Were added in the U.S between 2013 and 2017. So far we haven’t been painting a particularly rosy picture of inventory management practices within the larger context of supply chain management, but the fact remains that, at least in some parts of the world, business is booming. As the global value chain becomes ever more complex, the number of physical nodes on that value chain continues to increase. This influx in warehouse facilities could be a sign of overall abundance, but they could also suggest something about the increasingly diffuse nature of supply chain management. As companies are working towards agile-lean models in supply chain management, their transport networks are adapting to keep up. Let’s say, hypothetically, that your business had a digital transport flow that incorporated data streams from numerous smaller warehouses; when an order came in, instead of relying on pre-set transport plans, you could take a dynamic approach to order fulfillment, bundling shipments and routing freight in a smart, adaptable manner, leading to decreased overhead and improved on-time performance.
25% more manufacturers and retailers
Were investing in inventory management technology in 2016 compared to 2017. The vision that we briefly sketched out above—of a dynamic transport logistics flows that let you identify the optimal plan on the fly—could be one result of the kinds of investment we’re talking about. After all, one of the best ways to build up the level of visibility required for the type of planning flow under discussion is to adopt a Postmodern ERP mindset to connect all of your existing IT into one cohesive, interoperable unit. By creating the kind of digital infrastructure that helps you to collect, share, and analyze data from your production and shipping processes, you put yourself in a position to digitally map all of your inventory operations in virtual space. In this way, you ensure that, even without physical access, you can maintain a thorough accounting of which goods are passing in and out of your warehouse at which time. Doing so can be foundational for other supply chain management improvements, such as the introduction of advanced analytics into your planning processes.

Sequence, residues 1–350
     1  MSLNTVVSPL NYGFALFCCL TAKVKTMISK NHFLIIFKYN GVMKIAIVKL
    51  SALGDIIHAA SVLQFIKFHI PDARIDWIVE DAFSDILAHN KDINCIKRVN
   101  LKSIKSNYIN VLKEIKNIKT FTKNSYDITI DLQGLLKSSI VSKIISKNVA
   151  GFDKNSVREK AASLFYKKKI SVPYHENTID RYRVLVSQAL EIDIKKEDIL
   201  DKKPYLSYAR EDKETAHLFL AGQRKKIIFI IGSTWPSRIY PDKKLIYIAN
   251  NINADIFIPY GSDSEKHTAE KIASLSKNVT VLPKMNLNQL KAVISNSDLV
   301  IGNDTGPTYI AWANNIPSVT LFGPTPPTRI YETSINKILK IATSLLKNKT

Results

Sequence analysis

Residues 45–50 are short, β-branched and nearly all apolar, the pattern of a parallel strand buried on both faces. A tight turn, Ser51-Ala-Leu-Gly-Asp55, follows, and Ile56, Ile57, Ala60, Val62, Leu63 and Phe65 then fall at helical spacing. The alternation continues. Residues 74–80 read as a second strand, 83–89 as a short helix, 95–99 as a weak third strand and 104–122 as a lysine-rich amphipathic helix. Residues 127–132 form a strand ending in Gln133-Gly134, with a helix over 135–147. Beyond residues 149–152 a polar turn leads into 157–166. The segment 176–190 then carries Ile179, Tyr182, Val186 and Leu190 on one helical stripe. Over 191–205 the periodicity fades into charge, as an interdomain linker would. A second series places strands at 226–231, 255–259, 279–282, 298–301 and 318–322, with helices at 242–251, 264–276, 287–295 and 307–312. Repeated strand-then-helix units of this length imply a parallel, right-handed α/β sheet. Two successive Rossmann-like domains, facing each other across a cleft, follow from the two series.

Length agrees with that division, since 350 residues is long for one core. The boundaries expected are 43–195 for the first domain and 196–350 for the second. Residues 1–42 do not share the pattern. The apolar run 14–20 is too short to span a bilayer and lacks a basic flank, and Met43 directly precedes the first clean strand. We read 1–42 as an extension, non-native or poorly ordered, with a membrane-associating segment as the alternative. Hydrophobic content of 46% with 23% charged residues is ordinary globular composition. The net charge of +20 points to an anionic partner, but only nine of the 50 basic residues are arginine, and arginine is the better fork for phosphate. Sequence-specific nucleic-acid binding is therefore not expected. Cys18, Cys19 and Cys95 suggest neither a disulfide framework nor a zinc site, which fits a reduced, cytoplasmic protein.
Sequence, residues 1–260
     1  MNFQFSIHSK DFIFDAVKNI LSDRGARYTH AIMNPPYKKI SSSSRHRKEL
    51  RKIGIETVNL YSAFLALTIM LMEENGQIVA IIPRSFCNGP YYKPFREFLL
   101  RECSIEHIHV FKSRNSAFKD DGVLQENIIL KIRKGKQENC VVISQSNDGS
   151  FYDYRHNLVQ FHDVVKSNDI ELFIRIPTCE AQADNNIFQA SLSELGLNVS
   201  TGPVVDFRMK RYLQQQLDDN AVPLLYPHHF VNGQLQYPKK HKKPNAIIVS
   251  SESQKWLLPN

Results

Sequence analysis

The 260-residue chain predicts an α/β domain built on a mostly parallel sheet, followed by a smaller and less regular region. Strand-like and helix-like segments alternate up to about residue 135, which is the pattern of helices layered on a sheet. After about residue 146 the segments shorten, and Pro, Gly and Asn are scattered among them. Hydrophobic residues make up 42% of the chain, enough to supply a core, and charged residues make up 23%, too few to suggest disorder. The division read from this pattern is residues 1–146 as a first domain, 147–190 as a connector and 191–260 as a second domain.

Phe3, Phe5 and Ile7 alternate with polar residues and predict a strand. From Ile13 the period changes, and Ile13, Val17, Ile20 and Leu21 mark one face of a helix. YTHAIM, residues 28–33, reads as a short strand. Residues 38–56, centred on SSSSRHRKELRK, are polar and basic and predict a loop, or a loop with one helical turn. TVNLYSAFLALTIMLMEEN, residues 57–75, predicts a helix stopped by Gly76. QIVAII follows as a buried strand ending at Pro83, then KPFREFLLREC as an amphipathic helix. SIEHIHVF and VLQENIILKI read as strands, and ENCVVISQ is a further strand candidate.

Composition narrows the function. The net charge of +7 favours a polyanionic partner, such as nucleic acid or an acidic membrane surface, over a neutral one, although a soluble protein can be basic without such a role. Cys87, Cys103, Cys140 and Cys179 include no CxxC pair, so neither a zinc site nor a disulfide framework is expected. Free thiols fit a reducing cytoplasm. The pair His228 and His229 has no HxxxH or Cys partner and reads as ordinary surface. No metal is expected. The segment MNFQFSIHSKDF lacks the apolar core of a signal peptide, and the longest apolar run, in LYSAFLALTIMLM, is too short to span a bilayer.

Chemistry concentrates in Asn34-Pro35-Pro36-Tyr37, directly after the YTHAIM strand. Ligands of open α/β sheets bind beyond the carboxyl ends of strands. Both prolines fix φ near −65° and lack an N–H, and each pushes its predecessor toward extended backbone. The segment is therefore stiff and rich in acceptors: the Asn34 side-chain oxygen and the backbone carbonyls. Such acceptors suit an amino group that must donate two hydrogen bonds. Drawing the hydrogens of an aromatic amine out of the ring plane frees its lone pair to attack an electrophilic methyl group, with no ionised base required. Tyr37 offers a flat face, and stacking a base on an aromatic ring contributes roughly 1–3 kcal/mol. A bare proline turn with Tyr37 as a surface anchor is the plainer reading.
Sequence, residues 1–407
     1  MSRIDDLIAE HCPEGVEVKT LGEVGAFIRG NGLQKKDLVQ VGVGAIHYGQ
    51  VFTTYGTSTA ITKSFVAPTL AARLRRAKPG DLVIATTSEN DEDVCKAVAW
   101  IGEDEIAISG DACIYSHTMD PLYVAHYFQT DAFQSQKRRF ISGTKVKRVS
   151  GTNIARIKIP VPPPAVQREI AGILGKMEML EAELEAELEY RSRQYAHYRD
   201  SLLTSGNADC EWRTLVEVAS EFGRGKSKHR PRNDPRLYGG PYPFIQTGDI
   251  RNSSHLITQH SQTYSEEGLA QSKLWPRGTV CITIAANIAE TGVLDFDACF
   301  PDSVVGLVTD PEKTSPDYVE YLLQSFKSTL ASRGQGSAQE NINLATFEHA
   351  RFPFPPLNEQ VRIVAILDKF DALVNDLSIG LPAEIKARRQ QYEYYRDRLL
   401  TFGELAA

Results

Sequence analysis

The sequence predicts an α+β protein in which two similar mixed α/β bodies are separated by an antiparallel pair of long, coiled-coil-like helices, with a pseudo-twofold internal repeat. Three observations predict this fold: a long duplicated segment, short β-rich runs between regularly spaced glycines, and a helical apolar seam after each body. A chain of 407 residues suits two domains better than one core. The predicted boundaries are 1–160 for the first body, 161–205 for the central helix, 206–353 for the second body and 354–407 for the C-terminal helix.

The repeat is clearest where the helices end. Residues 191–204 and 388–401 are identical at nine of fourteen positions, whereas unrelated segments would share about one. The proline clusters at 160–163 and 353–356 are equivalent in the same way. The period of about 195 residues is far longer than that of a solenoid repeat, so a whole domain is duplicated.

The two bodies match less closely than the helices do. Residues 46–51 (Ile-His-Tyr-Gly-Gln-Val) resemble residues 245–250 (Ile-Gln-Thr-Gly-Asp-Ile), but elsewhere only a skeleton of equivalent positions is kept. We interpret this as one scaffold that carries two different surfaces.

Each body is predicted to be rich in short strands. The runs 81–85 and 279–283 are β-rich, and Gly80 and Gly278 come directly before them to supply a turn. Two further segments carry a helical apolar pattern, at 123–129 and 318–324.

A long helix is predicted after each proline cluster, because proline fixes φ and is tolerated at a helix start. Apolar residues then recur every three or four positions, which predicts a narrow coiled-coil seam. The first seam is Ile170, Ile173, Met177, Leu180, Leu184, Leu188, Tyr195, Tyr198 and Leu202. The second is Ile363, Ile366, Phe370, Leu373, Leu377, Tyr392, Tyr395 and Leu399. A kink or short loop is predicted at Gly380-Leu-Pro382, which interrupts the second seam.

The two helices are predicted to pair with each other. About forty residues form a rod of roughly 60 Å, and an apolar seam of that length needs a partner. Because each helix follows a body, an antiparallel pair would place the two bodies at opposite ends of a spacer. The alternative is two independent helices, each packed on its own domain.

About half of manufacturers
Were implementing RFID chips for inventory tracking as of 2015. No doubt that number has gone up in recent years. This is a perfect encapsulation of the ways that technology can help transform your inventory operations. If you’re working with anything resembling the level of IT integration that we discussed above, you can use RFID chips or IoT sensors to add a new data stream to your centralized monitoring and planning activities. In so doing, you suddenly gain a clear picture of exactly what’s being stored and moved at any given moment. In so doing, you put yourself in a position of increased certainty with regard to orders. If something is out of stock, you’ll know it right away and can refrain from selling any more of it until your production processes have had time to catch up. If you’re wondering whether it’s possible to bundle a particular shipment more efficiently, the answer will be right at your fingertips. In this way, inventory management is transformed from a potential liability into a driver of future value for you and your customers.